Hydrogen Dissociation at Hot Filaments: Determination of Absolute Atomic Hydrogen Concentrations
Several CVD methods, using thermal or plasma activation of the gas phase, are used for the formation of synthetic diamond films1,2. The deposition processes are performed at pressures of a few tens of mbar (microwave plasma-assisted CVD (MWPCVD)3 or hot filament-assisted CVD (HFCVD)4) to atmospheric pressures (plasma jets5 or flame synthesis6) with hydrocarbons and an abundance of molecular hydrogen in the gas phase. Although the detailed mechanisms are still in discussion, the importance of the presence of hydrogen for selective diamond formation is widely accepted. Atomic hydrogen, created by the activation of the gas atmosphere, can react with hydrocarbons to form hydrocarbon species like methyl or acetylene in the gas phase. These species are by some authors assumed to be key species in the process of diamond formation7,8. Furthermore the higher etching rate of H atoms for non-diamond carbon9 is suspected to lead to the formation of thermodynamic metastable diamond as the only phase10. At last H atoms bonded to carbon on the surface may stabilize the sp3-bonds necessary for diamond formation11.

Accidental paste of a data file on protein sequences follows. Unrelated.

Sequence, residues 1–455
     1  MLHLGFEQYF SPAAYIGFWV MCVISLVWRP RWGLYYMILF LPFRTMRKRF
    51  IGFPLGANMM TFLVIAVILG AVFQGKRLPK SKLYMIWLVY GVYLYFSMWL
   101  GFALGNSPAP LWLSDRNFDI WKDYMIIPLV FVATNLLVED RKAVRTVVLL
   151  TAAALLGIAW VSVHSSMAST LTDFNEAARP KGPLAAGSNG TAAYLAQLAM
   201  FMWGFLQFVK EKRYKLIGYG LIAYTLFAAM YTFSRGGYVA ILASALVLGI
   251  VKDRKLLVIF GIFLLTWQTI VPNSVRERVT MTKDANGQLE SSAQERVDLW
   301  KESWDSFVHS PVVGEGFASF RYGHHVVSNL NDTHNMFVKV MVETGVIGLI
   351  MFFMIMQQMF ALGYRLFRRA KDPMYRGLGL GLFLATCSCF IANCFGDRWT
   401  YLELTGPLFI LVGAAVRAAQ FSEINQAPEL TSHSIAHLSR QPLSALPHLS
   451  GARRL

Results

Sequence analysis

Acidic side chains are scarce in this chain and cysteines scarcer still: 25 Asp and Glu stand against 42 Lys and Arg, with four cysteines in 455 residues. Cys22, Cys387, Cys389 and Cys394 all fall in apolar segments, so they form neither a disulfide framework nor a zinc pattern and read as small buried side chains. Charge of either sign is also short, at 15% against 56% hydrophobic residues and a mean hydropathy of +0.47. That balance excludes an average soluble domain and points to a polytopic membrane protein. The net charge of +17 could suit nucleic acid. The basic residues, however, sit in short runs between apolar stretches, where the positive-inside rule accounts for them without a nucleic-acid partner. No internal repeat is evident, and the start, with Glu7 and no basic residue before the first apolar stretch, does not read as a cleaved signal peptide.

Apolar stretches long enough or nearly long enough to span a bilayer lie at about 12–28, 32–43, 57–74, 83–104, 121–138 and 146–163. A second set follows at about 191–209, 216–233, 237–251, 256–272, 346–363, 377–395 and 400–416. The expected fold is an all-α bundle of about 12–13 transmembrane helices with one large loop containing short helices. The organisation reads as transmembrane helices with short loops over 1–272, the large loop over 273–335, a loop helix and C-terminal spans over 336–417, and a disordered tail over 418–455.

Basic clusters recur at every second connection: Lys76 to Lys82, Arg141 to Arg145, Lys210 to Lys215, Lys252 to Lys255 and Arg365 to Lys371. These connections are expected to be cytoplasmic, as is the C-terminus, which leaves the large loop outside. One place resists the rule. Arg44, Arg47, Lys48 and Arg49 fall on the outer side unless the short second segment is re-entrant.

KeywordsFilament Surface Filament Temperature Filament Diameter High Etching Rate Hydrogen Dissociation
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